Before I attended college, I had no idea that colleges and universities had so much to offer outside of the classroom. No matter what your interests, hobbies, and passions are, students should be able to find something to keep them busy when not attending classes. Whether it is clubs and organizations, sports, concerts, politicians, entertainment….so many different options. Each college is different as far as what might be available, so it is up to the student to be aware of and seek out what interests them.
For example, when I attended the University of Northern Iowa, I found out that the university offered some study abroad programs. The way I found this out was by seeing posters on campus advertising the Study Abroad Office.
I previously did not have an interest in studying abroad; however, I was curious to see if they might offer a program in the country that my grandfather emigrated from. My grandfather was born in 1891 and came to the United States from Denmark in the early 1900’s. I was very close to my grandfather up until the time he died when I was in my early 20’s. I knew I still had relatives living in Denmark and thought it would be interesting to explore the country of my heritage.
It turns out that UNI did have a program in Denmark, an exchange agreement with the University of Aalborg located in Aalborg, Denmark. I couldn’t believe it; this was the same area my grandfather came from! It was a program for business majors where you would participate in their International Business Program with students from different countries. The classes would be taught in English and you would receive 12 elective credits through UNI. Since I was not a business major (I was getting a minor in business) I had to get approval from the Business Department Head to be able to participate. I had to do a little leg work, getting a student visa, arranging air fare and housing, etc., but it was well worth it. The Study Abroad Office was very helpful in making the arrangements.
Obviously, the cost to study abroad varies from college to college and also depends on the country you would be going to. At the time I participated (a long time ago….) the agreement between the schools said that I could receive financial aid to help cover the costs and my tuition was at a reduced cost.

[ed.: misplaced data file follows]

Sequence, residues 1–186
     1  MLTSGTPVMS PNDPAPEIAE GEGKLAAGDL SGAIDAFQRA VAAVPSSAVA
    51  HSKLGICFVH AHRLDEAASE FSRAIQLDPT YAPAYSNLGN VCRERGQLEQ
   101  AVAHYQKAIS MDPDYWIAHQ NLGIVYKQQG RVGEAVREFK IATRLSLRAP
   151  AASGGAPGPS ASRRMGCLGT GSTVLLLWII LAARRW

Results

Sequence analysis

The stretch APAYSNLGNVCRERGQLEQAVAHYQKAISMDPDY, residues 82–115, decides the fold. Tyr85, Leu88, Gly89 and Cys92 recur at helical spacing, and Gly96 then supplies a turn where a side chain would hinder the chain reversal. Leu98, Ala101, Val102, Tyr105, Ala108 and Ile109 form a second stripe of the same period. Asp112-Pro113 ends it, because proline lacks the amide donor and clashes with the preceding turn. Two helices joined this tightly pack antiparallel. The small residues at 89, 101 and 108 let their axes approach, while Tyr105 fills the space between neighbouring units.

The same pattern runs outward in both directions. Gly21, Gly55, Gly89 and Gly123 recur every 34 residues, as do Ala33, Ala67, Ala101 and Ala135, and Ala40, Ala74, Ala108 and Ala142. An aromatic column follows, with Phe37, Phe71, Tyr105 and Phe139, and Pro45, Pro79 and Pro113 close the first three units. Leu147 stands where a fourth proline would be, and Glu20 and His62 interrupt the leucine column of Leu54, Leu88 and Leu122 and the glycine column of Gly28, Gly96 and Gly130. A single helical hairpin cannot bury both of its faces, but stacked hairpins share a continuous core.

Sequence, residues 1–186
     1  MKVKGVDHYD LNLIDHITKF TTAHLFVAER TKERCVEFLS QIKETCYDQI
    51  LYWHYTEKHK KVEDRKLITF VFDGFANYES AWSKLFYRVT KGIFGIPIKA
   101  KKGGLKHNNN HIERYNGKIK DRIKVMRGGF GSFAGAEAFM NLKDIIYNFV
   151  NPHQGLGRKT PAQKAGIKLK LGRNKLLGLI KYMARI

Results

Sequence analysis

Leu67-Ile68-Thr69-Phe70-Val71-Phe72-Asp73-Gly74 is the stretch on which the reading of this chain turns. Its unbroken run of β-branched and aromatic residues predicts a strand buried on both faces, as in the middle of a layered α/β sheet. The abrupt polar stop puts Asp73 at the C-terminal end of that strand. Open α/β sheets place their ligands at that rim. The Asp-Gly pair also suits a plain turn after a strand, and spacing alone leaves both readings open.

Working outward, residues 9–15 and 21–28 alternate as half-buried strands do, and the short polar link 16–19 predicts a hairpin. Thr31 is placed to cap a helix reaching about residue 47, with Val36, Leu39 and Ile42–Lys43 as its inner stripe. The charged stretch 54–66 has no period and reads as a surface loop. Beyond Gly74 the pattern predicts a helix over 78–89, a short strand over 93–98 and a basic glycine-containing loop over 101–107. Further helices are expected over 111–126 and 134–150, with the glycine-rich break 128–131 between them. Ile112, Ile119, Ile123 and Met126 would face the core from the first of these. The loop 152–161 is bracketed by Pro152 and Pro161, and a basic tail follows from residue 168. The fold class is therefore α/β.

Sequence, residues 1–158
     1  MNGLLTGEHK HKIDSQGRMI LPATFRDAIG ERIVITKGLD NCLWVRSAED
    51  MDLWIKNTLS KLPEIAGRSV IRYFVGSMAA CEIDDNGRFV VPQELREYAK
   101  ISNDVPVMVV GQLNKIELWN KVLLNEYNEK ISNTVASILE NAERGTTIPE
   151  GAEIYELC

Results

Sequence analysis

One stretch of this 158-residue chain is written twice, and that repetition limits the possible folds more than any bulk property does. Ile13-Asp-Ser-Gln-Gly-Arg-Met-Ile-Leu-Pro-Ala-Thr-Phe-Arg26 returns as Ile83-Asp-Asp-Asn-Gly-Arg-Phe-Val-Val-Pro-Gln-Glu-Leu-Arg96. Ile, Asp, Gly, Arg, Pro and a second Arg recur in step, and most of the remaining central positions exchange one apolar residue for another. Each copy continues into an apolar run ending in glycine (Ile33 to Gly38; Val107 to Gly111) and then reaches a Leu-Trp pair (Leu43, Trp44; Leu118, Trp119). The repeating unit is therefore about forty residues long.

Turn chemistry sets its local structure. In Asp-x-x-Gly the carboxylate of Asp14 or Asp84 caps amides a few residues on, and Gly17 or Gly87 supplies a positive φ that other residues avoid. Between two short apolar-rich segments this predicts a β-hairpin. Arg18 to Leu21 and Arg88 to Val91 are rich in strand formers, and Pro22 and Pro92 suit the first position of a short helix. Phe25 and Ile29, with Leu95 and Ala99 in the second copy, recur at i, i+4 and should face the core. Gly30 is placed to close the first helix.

I was able to spend my last semester as a college undergraduate in Denmark. I met students from all around the world, some of which I am still friends with today (25 years later). I learned a lot from the business courses I took, however, I think I learned even more by living in and learning about a totally different culture. Even going to the grocery store was an experience when you do not know the language (I bought a lot of fresh foods and canned foods with pictures on them)! I shipped my bicycle over and I also used a lot of public transportation (buses and trains). I was able to visit castles, see an opera at the Royal Theatre in Copenhagen, and even visit the U.S. Embassy.
I was also able to meet my 4th cousin and his family, see the farm house my grandfather was born in 100 years earlier, and even saw my great-grandfather’s grave. During breaks, and for a month after the semester ended, I traveled to Norway, Sweden, Finland, Greece, Italy, Germany, Holland, France, and Austria.
Had I not been willing to explore my options and do a little risk taking, I would never have had this opportunity again in my life, to not only travel to other countries but to actually live there and be a part of the culture for 6 months, get college credit, and get financial assistance to help cover costs.
My suggestion to you is that if you are even remotely interested in outside activities, like study abroad, do some research both before and after you set foot on campus to see what is offered. My guess is that you won’t regret it!
ICAN Waterloo Center
ICAN Waterloo Center